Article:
There are certain plant combinations which work well together, a classic example being "the 3 sisters" of corn, beans, and, squash. Similarly rotating crops can be beneficial as different crops add and remove different elements from the soil.

Another strand of evidence, I have a little experience with growing nightshades (tomato, eggplant, peppers) commercially in a hothouse, can be taken from commercial farming practices. The plants are pumped with nutrients and there is very little nutrients left in the runoff, meaning the plants are consuming it. More plants competing for the same nutrients will give each less.

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    Penn State agrees with you: extension.psu.edu/…
    – Jurp
    Jul 20 at 13:40
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    There are also plants that complement each others' nutrient needs. Lupins are said to provide other plants with nitrogen, but I don't know enough about this to contribute an answer.
    – henning
    Jul 20 at 13:46
  • "The plants are pumped with nutrients and there is very little nutrient left in the runoff, meaning the plants are consuming it" - That doesn't seem to square with the magnitude of the eutrophication problems caused by agricultural runoff.
    – Vikki
    Jul 21 at 16:56
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    @Vikki Note I said "very little", not "no" runoff. I understand (having only briefly owned a fish tank) aquatic environments are very sensitive to nitrites and nitrates, so even small amounts of runoff will impact waterways. By analogy - People that eat lots of food (feriliser) get fat but also have bigger bowel movements (runoff). If more people ate the same total quantity of food, people would not get as fat. (weeds sharing nutrients)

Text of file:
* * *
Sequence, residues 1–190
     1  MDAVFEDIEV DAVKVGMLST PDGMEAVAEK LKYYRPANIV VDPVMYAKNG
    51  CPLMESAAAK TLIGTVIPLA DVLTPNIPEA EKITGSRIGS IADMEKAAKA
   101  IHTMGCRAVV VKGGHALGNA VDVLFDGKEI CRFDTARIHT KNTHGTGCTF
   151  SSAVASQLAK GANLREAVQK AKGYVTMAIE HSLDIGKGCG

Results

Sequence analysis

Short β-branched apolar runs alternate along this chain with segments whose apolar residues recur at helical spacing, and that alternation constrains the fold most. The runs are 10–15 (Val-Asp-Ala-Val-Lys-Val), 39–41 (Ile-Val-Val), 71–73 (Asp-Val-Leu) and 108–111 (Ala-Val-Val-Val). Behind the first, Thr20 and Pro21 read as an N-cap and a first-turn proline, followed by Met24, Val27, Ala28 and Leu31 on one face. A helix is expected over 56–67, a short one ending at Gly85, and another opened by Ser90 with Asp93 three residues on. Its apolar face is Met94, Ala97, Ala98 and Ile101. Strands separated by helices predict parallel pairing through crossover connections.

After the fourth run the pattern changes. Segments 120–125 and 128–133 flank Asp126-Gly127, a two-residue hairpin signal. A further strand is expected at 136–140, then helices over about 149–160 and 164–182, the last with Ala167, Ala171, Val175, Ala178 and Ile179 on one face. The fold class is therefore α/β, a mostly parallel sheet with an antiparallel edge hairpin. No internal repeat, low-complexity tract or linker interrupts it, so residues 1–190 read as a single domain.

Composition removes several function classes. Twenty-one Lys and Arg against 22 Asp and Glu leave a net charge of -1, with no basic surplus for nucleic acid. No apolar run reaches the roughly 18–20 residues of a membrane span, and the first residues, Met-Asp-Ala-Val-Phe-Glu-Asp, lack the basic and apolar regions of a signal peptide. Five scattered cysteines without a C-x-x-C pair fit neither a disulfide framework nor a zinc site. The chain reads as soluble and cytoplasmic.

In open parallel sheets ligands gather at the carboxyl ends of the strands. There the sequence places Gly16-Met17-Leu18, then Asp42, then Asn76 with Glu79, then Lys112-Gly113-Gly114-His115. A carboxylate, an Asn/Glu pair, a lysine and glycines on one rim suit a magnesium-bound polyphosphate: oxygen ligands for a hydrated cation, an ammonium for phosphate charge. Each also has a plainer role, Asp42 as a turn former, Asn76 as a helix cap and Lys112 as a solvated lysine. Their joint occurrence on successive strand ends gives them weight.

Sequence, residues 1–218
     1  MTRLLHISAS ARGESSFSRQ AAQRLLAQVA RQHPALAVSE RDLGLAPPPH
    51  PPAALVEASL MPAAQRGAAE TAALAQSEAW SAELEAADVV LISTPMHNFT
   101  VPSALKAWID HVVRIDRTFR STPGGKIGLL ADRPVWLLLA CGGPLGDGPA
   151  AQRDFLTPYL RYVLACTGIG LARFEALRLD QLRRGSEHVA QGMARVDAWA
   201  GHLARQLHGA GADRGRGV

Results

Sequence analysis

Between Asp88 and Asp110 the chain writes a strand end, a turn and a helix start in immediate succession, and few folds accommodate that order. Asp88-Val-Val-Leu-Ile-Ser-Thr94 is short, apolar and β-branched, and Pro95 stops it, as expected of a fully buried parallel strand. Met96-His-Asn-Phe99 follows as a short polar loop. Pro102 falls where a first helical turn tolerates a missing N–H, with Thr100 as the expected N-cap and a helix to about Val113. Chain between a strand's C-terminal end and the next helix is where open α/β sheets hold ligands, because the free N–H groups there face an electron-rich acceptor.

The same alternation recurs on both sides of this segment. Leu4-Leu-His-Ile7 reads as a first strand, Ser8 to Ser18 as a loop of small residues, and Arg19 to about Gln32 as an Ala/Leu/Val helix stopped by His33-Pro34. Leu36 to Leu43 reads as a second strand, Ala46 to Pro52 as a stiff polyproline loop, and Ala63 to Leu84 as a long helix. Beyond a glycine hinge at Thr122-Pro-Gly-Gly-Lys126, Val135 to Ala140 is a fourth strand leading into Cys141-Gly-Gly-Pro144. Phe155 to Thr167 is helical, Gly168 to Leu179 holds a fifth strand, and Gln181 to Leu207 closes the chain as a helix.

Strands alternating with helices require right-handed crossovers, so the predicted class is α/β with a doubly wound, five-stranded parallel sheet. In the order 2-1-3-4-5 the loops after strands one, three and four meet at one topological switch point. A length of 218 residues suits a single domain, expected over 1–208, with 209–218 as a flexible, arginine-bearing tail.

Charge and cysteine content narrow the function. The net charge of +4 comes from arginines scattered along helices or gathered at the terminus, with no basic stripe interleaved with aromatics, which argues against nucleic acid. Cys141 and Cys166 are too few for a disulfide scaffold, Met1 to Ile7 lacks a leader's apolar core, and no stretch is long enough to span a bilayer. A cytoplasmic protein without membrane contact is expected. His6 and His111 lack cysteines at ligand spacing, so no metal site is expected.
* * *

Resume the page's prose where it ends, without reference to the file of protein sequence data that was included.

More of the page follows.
– davidgo
    Jul 21 at 20:26
  • There's also certain species of trees that can share nutrients through their root systems - the conifers give glucose to the deciduous trees in the winter, and in exchange the deciduous trees give glucose to the conifers in the summer.
    – nick012000
    Jul 22 at 2:44
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It really depends on what you're growing, how you're growing it, what you expect from your garden, how big the weeds are, how close they are to your plant, how many weeds there are, how fertile your soil is, how the specific weeds interact with your plants and each other, etc.

Plants can compete with each other, produce chemicals to inhibit other plants, and stuff like that (but they might do beneficial stuff, too, in some cases). Calendula can kill nitrogen-fixing microbes that are important for beans. Black walnut can inhibit lots of plants; same for wormwood. Sunflowers are said to inhibit plants somewhat.

Muskmelons will smother most weeds, in my experience (so if you're growing those, I wouldn't worry a terrible lot). Watermelons let more weeds through (and grasses, if present, can be problematic); watermelons still grow pretty well with weeds, though (but if you like to pull weeds up, grass is hard to deal with there, as pulling it up can disturb the watermelon roots).

Here are reasons to weed:

  • Aesthetics